ADHDers can learn to focus on planning and consequences.

    • Ask, "What will happen if I do this? Then what will happen? Do I want those consequences?"

    • Ask, "What are the pros and cons of this action? What are the risks?"

  3. Disorganization or compulsiveness.

    Imagine the "before" picture for one of those fancy closet organizer system. Clutter, chaos, and packrat tendencies make ADHD environments scary places. A vicious cycle gets started. Recognizing their symptoms, ADHDers leave things out as an organizational technique to remind them to take care of tasks. They save stuff because they "might need it someday." However, as more clutter accumulates, less gets done and more stuff gets lost.


    • Create structure - places to put things, schedules with reminders, hand-held management systems. While the spouse can help design systems, it is up to the ADHDer to use them.

    • Finish fully. Return tools to their proper place when the task is complete.

    • Schedule clean ups monthly or quarterly followed by rewards such as a family outing or a couple date.

    • Consider a consultation with a professional organizer to structure the space and establish an easy-to-use category system.

    • Designate ADHD space to have acceptable clutter and chaos separate from the common living space.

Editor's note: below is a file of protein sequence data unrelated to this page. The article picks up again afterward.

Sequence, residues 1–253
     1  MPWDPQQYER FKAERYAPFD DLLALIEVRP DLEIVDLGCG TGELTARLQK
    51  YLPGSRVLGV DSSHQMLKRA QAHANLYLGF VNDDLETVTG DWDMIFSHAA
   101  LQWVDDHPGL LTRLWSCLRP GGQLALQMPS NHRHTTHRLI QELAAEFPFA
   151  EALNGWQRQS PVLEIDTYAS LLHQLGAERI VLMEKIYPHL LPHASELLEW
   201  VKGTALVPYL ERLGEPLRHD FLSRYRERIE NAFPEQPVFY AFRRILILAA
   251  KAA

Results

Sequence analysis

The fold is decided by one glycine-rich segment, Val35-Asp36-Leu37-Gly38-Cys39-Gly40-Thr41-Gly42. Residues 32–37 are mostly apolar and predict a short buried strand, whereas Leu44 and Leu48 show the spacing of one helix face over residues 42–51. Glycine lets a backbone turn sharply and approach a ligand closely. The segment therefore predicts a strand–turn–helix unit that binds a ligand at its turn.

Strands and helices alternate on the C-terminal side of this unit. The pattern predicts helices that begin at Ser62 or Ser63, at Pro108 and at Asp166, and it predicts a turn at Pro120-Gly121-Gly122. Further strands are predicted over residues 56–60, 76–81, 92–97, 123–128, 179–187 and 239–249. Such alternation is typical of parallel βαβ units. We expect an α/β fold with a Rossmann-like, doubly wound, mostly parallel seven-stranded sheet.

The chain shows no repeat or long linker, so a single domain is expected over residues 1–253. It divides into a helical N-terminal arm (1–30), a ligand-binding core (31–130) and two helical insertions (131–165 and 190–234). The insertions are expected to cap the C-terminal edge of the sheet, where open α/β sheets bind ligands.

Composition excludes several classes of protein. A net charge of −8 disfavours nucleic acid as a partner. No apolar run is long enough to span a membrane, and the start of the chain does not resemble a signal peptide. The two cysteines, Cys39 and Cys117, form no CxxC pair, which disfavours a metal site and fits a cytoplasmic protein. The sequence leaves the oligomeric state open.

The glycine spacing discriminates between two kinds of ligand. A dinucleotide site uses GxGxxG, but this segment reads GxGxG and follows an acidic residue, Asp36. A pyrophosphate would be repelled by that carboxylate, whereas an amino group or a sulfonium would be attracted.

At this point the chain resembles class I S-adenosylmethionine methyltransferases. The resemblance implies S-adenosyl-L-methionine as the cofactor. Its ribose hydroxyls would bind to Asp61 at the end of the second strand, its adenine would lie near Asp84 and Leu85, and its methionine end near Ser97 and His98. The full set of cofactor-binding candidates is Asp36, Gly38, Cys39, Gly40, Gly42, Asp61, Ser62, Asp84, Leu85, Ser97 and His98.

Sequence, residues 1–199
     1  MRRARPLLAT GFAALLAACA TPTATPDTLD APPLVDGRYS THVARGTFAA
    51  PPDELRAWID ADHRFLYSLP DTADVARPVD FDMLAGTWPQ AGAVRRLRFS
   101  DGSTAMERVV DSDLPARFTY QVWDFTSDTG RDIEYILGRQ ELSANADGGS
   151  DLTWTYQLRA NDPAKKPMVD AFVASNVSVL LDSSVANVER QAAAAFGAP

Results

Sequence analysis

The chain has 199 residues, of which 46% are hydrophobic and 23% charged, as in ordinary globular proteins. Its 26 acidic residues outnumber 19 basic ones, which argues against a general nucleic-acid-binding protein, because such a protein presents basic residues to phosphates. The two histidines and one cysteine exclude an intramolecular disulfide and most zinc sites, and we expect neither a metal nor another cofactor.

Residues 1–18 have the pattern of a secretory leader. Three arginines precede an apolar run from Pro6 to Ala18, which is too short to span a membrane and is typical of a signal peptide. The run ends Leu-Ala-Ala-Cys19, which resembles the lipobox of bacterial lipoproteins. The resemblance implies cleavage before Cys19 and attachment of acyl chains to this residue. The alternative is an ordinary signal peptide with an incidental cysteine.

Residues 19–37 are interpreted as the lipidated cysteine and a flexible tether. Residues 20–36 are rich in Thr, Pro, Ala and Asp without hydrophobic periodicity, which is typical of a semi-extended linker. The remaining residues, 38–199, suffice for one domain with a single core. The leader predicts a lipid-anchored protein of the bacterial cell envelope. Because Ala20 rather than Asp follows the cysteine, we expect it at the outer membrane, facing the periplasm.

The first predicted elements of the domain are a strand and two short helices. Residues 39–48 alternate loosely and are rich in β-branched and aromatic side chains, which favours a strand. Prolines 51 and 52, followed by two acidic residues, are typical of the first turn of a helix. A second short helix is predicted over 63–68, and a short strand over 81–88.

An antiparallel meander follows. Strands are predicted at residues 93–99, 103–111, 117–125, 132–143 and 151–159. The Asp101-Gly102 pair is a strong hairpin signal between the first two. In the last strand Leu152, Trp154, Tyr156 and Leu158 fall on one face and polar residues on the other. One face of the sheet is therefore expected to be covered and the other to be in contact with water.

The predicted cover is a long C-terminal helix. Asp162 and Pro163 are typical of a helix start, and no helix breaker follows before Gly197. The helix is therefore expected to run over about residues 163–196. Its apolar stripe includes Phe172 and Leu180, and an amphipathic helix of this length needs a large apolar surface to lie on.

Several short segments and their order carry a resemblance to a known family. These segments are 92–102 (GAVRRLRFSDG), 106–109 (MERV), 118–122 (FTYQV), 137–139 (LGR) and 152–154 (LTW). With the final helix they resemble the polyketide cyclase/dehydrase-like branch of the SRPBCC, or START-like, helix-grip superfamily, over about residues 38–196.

4. Procrastination.

    Difficulty with executive functioning leads to ADHDers to have difficulty with planning, anticipation, prioritizing, and meeting deadlines. They often fail to do routine maintenance saying, "That doesn't need to be done right now," until a crisis is created and the task becomes urgent. One exasperated spouse waited two years for her husband to complete the remodeling of an unusable bathroom while he insisted that she not call a contractor to finish the job.


    • Develop a list of joint goals, project priorities and deadlines.

    • Set up accountability systems - a marriage log (electronic or paper) to track deadlines.
    • Review project goals weekly to set priorities for the weekend.

    • Set deadlines for the completion of a project. If the deadline is not met, the spouse can hire someone for the task.

    • Celebrate the completion of projects.

  5. Mood fluctuations.

    Problems in brain neurotransmitters create glitches in emotional regulation leading to:

    • Emotional outbursts.

    • Inability to learn from experience especially emotional experiences.


    • Seek counseling to learn emotional regulation methods

    • Clarify roles and procedures in the home.

    • Use the marital log to review agreements made and lessons learned.

    • Schedule positive experiences and couple dates to offset the frustration.

    • Experiment with decreasing or increasing variety and stimulation to help with mood - especially related to sex.

    • Learn to see the humor in the foibles.

    With compensatory systems in place, both partners can contribute to a satisfying marriage as they bond together to fight the "Silent Enemy."


Edward Holloway, Lynn Weiss, or Kathleen Nadeau.

Copyright 2005 Drs. Susan & Philip Robison. Feel free to copy and reproduce as long as you print with contact information.